Published on: April 21, 2017
by Kristin Jenkins for MedPage Today:
Different factors appear to protect against amyloid deposition and neurodegeneration, the two hallmarks of Alzheimer’s disease, according to an analysis from the Mayo Clinic Study of Aging.
Aside from the known risk factors of older age, female gender, and APOE status, only midlife dyslipidemia was associated with amyloid deposition — while midlife obesity, smoking, diabetes, hypertension, and cardiac and metabolic conditions were tied to neurodegeneration, according to Prashanthi Vemuri, PhD, of the Mayo Clinic in Rochester, Minn., and colleagues.
Intellectual enrichment, however, wasn’t a significant predictor of amyloid deposition or neurodegeneration, they reported online in JAMA Neurology.
These data “provide more insight into the complex picture of cognitive aging,” Ronald Petersen, MD, PhD, of the Mayo Clinic and a co-author on the paper, told MedPage Today.
Petersen added that the fact that the differences in amyloid deposition and neurodegeneration and how they influence development of Alzheimer’s disease “is a hot topic of investigation. The more we learn about the biomarkers, the more we learn about risk and protective factors. The notion of exceptional brain aging is relevant here — why some people have a lower degree of Alzheimer’s disease-causing brain changes even at advanced ages and higher genetic risk of Alzheimer’s disease.”
For the current study, the researchers analyzed prospective data from 942 individuals ages 70 to 90 from Olmsted County who were enrolled in the Mayo Clinic Study of Aging and had both magnetic resonance imaging (MRI) and Pittsburgh compound B-positron emission tomography (PET) scans. The average age was 80 and 45% of the cohort was female.
Vemuri and colleagues looked at several factors that could potentially be tied to Alzheimer’s pathology, including age, sex, APOE status, intellectual enrichment, and midlife risk factors — physical inactivity, obesity, smoking, diabetes, hypertension, and dyslipidemia — as well as the total number of late-life cardiac and metabolic conditions.
The association between midlife dyslipidemia and amyloid deposition is consistent with other research, the authors said, suggesting that cholesterol plays an important role in Alzheimer’s pathogenesis via amyloid but not neurodegeneration.
Given that other midlife risk factors weren’t associated with amyloid deposition, it could be that these are “catalysts for the neuronal processes but not amyloid deposition,” they wrote.
Although many midlife risk factors were associated with neurodegeneration, intellectual enrichment was not: “Our work previously showed that the effect of intellectual enrichment on AD biomarkers may be minimal, but that it has a larger effect on delaying the onset of cognitive impairment, suggesting that it is mainly protective against cognitive decline,” the researchers wrote.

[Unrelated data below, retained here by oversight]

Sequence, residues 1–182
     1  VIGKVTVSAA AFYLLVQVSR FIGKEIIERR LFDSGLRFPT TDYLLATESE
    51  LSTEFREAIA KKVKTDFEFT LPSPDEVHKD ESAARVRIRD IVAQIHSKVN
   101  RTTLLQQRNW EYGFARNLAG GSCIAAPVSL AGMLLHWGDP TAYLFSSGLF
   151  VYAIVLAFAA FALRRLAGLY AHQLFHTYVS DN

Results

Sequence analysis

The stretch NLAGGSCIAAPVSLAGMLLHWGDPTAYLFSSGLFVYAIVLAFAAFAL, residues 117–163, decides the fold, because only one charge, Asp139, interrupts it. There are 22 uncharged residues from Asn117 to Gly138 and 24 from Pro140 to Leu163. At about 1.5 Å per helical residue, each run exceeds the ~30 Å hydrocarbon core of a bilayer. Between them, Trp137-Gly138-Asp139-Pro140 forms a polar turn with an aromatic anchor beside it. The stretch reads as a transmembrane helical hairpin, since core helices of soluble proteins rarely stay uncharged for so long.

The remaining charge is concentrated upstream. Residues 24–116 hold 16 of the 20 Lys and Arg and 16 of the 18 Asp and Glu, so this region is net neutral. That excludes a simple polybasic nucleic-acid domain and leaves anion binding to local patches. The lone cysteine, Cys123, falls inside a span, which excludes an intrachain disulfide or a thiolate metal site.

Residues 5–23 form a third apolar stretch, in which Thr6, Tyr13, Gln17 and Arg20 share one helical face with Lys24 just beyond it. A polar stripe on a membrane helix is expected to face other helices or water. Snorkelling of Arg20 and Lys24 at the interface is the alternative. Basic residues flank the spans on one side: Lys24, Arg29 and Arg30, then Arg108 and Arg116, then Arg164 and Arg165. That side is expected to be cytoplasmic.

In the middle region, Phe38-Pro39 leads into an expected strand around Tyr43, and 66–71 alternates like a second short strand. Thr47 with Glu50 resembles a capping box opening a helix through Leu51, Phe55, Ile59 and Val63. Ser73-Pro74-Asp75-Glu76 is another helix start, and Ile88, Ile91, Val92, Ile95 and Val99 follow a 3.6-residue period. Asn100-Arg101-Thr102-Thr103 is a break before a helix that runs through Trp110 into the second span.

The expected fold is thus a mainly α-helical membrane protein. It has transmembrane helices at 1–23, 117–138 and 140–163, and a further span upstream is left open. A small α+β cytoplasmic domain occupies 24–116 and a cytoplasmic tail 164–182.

Individuals age 85 and up who didn’t have significant evidence of Alzheimer’s pathology (either amyloid or neurodegeneration) were considered “exceptional agers.” In this subgroup analysis, there were small-to-moderate effect sizes (Cohen’s d >0.2) of several variables except job score and midlife hypertension in predicting exceptional aging without any Alzheimer’s disease pathology.
This suggests that protection against both amyloid deposition and neurodegeneration is important, the researchers wrote.
“‘Exceptional aging’ without ADP may be possible with a greater number of protective factors across the lifespan, but this warrants further investigation,” they wrote, adding that study of the independent and combined protective factors for amyloid and neurodegeneration “will enable better prevention strategies to delay the onset and progression of Alzheimer[‘s] disease.”
The study was limited by the fact that it focused on a limited number of protective factors, the groups were not age-matched, and neurodegeneration was a surrogate for tau pathology; future studies should use tau PET imaging, they urged.
Still, Vemuri said the findings reinforce the idea that “advanced age and greater genetic risk of Alzheimer’s does not imply that individuals will go on to develop Alzheimer’s disease. Therefore, management of overall health of an individual is important for healthier brain aging.”
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